[Diana] But Ellen, that doesn't hold water. If she wasn't keen on pregnancy and knew it was no picnic, etc., then why did she make Eliza, the transgressor of Sense and Sensibility, pregnant, and spare Maria? We know Jane Austen never married and didn't envy pregnant women; but she certainly makes plenty of her characters pregnant! (Or rather, her male characters do.) Some are happily pregnant, some not so: but my point is that it happens just as is natural in the individual situations, and for the different characters (which is Austen's art). They are not
cookie-cutter depictions of morality or personal fears.....Where are this repressed point of view and limitations of her texts? She writes about sex and its consequences in what she herself called "a form of words perfectly intelligible."

A perfect answer, Diana! And, from my point of view, the perfect setting of the table for my argument that she not only depicted in an overt way the wide range of pregnancies you allude to (and let's not also forget Mrs. Wallis in Persuasion), but she also _covertly_ depicted an even wider range of them--and much more centrally to the central story lines of the novels.

I was also reminded by your comments, ladies, of the perceptions of a more famous lady who famously analyzed Austen's writings, as reported by Janet Todd:

"For Virginia Woolf, Austen's art is one of enclosure. It is a domestic garden beside the lighthouse of her own art."

And I claim that the resonance of that comment to my, Diane, and Diane's recent comments about a rather "undomesticated" "Garden" is not coincidental--it appears to me that Woolf, like Ellen, asks an excellent question--why did Jane Austen write suggestively but go no further--and I claim JA did indeed go _much_ further!

And finally I see the multiple meanings of the word "enclosure" as also being fortuitous (and apparently unintentional) on Todd's part, because of the rich vein of modern commentary that shows how JA wove the metaphor of the enclosure movement into her novels, as a metaphor for the _trapping_ of women inside patriarchal "cages".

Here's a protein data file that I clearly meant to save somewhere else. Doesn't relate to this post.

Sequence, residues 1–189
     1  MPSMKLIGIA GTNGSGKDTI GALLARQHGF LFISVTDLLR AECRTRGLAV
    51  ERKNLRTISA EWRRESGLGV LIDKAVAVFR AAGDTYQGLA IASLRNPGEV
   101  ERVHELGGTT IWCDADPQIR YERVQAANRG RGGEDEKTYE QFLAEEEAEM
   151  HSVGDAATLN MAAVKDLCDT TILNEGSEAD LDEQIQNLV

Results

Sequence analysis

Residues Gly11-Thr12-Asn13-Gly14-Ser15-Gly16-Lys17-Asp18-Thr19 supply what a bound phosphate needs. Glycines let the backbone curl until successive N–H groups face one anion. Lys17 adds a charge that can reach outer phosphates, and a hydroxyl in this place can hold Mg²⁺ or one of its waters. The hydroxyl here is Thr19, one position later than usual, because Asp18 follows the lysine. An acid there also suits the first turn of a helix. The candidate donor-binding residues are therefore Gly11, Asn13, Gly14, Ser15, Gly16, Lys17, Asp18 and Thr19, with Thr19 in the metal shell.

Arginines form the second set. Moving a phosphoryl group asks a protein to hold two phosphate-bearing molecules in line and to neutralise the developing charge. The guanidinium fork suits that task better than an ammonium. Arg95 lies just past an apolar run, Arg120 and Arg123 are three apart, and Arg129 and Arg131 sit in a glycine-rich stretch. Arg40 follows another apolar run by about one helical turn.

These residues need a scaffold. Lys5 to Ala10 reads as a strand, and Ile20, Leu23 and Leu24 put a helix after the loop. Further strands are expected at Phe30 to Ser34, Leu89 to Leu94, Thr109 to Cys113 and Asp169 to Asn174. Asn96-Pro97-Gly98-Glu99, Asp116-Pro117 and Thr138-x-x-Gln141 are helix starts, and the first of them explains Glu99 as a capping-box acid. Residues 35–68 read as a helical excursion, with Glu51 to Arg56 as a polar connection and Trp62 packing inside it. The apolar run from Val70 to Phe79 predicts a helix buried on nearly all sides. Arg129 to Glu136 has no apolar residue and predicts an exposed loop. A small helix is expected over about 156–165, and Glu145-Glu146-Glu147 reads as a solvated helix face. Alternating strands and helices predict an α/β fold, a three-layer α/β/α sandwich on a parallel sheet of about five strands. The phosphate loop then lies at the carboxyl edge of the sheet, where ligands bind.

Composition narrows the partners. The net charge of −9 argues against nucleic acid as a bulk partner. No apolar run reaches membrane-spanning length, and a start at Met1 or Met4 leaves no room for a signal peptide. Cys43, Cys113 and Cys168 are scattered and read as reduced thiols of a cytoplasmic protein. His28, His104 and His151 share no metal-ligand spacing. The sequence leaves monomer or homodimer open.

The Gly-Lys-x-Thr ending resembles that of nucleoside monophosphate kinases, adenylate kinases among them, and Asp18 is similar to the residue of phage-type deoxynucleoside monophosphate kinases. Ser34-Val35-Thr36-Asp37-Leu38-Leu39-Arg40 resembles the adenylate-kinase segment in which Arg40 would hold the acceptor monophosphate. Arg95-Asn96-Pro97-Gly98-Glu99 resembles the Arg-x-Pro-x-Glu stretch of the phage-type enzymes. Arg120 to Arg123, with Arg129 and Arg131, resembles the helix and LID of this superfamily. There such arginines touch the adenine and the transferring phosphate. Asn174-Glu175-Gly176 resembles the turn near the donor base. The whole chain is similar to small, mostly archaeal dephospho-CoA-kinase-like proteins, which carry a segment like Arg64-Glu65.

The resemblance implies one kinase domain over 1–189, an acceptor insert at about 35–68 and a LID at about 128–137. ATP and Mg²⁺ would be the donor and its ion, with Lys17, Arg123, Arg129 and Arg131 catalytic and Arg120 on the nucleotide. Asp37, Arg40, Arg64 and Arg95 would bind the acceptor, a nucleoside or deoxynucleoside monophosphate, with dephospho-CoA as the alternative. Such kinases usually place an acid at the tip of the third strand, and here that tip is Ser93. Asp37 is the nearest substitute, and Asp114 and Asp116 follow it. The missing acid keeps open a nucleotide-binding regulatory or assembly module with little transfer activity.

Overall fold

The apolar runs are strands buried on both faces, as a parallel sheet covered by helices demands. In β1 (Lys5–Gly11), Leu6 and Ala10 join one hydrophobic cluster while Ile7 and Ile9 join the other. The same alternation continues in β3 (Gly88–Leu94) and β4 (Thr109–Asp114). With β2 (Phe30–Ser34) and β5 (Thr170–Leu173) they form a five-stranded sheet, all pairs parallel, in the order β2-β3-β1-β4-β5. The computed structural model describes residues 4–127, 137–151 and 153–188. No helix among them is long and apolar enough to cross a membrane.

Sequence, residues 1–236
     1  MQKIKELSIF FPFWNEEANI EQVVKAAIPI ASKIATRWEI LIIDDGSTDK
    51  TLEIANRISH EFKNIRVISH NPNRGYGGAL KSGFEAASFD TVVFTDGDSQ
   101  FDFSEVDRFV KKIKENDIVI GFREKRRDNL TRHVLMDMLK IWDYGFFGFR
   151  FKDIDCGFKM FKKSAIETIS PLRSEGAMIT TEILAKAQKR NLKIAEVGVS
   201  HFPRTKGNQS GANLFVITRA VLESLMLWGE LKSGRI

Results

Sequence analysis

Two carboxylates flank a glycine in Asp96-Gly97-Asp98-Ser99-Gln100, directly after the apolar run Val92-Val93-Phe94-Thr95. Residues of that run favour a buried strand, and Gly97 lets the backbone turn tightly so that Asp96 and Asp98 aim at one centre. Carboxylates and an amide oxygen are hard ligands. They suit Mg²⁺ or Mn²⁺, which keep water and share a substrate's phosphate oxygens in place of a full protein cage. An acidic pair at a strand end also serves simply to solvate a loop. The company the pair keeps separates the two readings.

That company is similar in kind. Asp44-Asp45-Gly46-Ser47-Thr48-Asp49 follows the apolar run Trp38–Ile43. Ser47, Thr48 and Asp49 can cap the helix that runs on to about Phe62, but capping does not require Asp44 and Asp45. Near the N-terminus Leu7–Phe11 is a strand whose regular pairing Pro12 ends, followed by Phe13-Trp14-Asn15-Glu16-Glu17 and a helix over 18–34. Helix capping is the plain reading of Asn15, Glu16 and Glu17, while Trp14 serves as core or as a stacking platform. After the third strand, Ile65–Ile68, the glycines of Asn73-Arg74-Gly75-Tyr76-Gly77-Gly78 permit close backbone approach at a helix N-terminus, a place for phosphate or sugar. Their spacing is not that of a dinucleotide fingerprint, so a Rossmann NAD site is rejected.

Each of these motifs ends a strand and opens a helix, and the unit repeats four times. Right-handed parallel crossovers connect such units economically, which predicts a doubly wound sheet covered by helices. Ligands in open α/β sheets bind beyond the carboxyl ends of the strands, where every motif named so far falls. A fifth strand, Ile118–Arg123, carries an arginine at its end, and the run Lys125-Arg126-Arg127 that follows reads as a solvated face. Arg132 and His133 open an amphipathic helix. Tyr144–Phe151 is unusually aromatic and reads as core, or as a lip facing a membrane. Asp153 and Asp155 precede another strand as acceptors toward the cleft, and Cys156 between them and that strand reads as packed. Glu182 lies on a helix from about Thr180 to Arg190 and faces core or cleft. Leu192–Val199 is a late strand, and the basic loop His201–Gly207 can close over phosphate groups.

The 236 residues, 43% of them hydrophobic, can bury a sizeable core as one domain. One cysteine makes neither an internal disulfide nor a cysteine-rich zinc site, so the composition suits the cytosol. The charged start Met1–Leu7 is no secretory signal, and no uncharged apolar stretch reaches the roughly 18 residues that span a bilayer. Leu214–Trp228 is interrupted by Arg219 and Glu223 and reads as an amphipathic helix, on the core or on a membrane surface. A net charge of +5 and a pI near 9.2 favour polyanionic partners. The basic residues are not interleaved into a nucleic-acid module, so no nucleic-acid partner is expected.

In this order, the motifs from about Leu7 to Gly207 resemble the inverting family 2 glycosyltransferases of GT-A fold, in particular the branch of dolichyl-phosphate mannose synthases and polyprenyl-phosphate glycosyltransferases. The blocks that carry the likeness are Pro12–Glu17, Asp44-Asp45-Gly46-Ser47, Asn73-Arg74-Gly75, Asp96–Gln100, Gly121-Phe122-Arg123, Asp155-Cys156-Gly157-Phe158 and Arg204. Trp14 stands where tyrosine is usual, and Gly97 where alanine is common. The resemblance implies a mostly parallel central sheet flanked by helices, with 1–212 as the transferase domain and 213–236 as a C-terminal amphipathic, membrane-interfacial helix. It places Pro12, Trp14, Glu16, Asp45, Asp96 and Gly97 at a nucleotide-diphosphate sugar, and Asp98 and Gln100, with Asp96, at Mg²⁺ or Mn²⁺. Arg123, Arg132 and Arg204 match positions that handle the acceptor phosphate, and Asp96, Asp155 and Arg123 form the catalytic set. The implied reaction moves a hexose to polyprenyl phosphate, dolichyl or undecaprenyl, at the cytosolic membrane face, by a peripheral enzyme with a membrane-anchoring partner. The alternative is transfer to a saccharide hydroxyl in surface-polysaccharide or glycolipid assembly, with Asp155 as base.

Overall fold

Cheers, ARNIE

Saturday, January 29, 2011

Mrs. Weston's Pregnancy PART FOUR

Apparently my previous two posts struck a couple of sensitive nerves, because first Kathy, responded thusly, once more completely ducking my challenges to the plausibility of Mr. Knightley's and Emma's debriefing of Mr. Elton's asking Mrs. Weston to dance at the Crown Inn ball:

[Kathy Elder] "I am not being discreet, nor am I avoiding giving full answer. My only answer
is that I don't believe that your questions can be answered nor are they pertinent to my study of this particular novel. I see no reason to manufacture answers out of thin air merely because you choose to direct questions toward me.

For me, the question of when Mrs Weston told people she was pregnant is no more important nor any more answerable than the questions of how old Emma was, exactly, when her mother died, or whether Miss Taylor was Isabella's first governess, or to what kindness of Mr Woodhouse Mrs Goddard formerly owed so much, etc. These are questions that I occasionally find interesting, and I enjoy speculating about them (though I know they cannot be answered with any certainty and neither are they relevant to my reading of the novel as written).

Your questions re Mrs Weston's pregnancy also cannot be answered with any certainty. In addition, I find them uninteresting (as well as irrelevant to my understanding of the novel), and I have no desire to speculate on this matter. I know that you enjoy such fan-fic style speculation, however, and I would never suggest that you should not do so to your heart's content -- but I shan't participate.

Thanks, and now I have done."

A modern day politician could learn much from Kathy's "protesting too much" about how unimportant these interpretive questions I raised supposedly are, but I leave to you all to decide if they really are unimportant.